There's a growing, not-so-subtle message coming from the designers and manufacturers of accessories for our favorite gadgets. They're telling us we are one massive, collective, irresponsible spaz.
An obsessive trend toward "indestructible" iPhone cases, FireWire devices, and flash drives is pushing into the consumer market. One or two of these products would indicate that savvy companies are identifying the occasional need to protect a sensitive electronic gadget from extreme wear and tear or the sudden impact that can come with traveling and use in hostile environments. But the drive toward stubborn durability leaves one to wonder what product engineers think we average consumers are out there doing with our expensive toys.
The hand-wringing is never more evident than in the iPad market. A tour of this year's Macworld Expo would leave you convinced iPad owners walk around in constant, abject anxiety of dropping or otherwise smashing the glass faces of their beloved devices.
Armored and water-resistant cases abound, including the Dry Case, the Marware C.E.O. Hybrid, the Swivel Pro, and The HandStand iPad Holder. The latter wraps your iPad up so tight it could paddle a small floating craft or serve as a well-starched Ping-Pong paddle. Does the average user need that sort of protection surfing the Web from their living room? Or are they using their iPads to prop up tables or flip omelettes?
On the iPhone side, you have a selection of military-grade armored cases. But the ultimate might be the Pelican. Water-resistant, dust-poof, and crush-proof, the Pelican protects your iPhone from just about everything--including its owner.
Once you've sealed your smartphone in this thing, you can't touch it. The only possible interaction comes through a headphone jack. Obviously, if you're on safari (in Africa, not the browser) or diving through the ocean's abyss, the Pelican is useful. For average users, it's like plastic on fine furniture--allowing you to see something wonderful without being to interact with it because you might ruin everything.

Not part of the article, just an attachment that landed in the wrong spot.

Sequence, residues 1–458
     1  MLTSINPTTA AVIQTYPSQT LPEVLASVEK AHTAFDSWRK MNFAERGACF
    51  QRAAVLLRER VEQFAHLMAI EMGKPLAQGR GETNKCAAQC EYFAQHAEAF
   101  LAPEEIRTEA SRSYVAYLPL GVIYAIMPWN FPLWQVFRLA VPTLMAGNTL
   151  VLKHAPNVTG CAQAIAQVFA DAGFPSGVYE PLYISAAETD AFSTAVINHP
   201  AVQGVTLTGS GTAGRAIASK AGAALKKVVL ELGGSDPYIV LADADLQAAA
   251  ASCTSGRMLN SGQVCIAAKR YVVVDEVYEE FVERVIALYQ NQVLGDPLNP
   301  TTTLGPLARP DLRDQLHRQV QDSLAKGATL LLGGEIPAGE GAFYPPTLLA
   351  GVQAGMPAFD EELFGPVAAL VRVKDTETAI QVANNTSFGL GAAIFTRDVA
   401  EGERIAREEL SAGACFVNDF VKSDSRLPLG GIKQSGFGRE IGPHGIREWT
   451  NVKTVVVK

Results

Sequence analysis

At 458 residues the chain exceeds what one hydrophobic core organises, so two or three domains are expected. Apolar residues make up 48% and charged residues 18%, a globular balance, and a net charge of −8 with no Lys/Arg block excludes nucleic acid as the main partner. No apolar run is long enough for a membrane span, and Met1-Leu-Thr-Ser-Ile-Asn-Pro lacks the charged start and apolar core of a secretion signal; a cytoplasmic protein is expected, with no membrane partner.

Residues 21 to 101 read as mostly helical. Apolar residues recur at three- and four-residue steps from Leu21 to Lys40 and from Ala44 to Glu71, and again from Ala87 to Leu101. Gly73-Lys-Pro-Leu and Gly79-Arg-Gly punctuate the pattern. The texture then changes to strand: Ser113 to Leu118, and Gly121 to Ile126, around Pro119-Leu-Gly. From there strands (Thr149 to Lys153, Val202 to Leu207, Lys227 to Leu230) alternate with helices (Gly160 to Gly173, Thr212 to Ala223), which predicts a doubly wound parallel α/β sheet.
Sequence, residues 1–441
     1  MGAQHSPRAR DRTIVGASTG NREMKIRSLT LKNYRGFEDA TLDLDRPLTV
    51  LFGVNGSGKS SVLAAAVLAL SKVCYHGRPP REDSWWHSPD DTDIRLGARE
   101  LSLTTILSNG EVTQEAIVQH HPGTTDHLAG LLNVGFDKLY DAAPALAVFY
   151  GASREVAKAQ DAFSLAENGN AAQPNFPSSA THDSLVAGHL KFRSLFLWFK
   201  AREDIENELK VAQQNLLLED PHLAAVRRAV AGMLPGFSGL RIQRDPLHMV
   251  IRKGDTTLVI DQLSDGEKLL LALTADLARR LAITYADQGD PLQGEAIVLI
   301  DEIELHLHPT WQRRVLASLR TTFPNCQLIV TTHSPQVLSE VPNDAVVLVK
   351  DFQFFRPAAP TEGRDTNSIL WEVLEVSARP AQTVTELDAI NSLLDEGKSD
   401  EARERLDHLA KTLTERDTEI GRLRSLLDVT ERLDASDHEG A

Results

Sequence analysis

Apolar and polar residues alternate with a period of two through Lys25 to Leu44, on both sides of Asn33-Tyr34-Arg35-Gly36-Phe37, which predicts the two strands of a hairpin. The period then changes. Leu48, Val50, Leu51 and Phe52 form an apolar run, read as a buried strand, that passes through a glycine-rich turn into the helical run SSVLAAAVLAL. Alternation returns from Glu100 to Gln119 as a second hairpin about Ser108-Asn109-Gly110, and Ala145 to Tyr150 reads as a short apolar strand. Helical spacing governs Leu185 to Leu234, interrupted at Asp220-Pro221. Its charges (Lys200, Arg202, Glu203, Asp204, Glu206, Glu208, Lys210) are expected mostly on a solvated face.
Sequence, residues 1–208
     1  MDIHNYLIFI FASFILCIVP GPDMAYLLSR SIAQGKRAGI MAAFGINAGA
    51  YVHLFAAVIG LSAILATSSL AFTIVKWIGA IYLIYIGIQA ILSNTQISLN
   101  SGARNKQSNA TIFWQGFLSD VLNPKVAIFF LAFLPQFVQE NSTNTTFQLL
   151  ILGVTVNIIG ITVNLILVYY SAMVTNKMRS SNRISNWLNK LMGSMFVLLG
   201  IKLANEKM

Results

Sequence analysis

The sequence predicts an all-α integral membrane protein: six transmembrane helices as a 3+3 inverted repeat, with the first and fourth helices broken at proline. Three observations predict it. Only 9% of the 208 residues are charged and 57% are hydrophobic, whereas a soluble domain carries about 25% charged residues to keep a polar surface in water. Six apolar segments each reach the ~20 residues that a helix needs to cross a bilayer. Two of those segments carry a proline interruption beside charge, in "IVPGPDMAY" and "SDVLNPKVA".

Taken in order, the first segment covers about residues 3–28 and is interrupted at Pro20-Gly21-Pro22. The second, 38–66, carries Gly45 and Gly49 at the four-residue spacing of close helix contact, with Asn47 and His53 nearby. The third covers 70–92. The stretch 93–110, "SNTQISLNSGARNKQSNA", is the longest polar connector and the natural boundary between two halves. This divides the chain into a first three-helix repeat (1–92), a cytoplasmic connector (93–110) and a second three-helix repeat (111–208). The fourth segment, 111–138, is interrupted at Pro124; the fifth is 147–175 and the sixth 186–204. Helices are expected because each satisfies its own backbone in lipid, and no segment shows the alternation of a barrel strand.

On the memory side, hardware makers want to sit us down and gently explain that we can't even be trusted with something as mechanically simple as a thumbdrive. Enter more hard-to-destroy items like the Centon Data Stick and Verbatim Tuff n' Tiny Flash Drive. The Tuff n' Tiny takes all USB drive components away and leaves only the interior chip. It's like Andy Griffith giving Barney one bullet for his gun. We'll hurt ourselves if we get too many bits and pieces.
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Why am I so sensitive about so many companies telling us we need to wrap our gadgets' lives in bubble wrap? Why would I spend time trying to break down the indestructible? I wonder if we aren't the problem and the gadgets might be to blame.
It's the black-box argument, an old stand-up comedy bit that says that since the only part of a plane that survives a crash is the black box, the entire plane should be made out of the black box. And if our tech toys need rubber, high-impact plastic, and Adamantium wrapped around them to survive, shouldn't they be made out of those substances? If our phones and tablets are so delicate we need to separate ourselves from them, are the gadgets themselves built well enough? Was it the best idea to make the iPhone 4 out of glass? You see my point.
Of course, all of this theorizing will soon go for naught as the near future will bring gadgets that merge directly into our persons, like phones installed in our teeth and Web browsers in our eyelids. When that day comes, I'll assume there will be accessory makers standing by to shroud us in indestructible cases.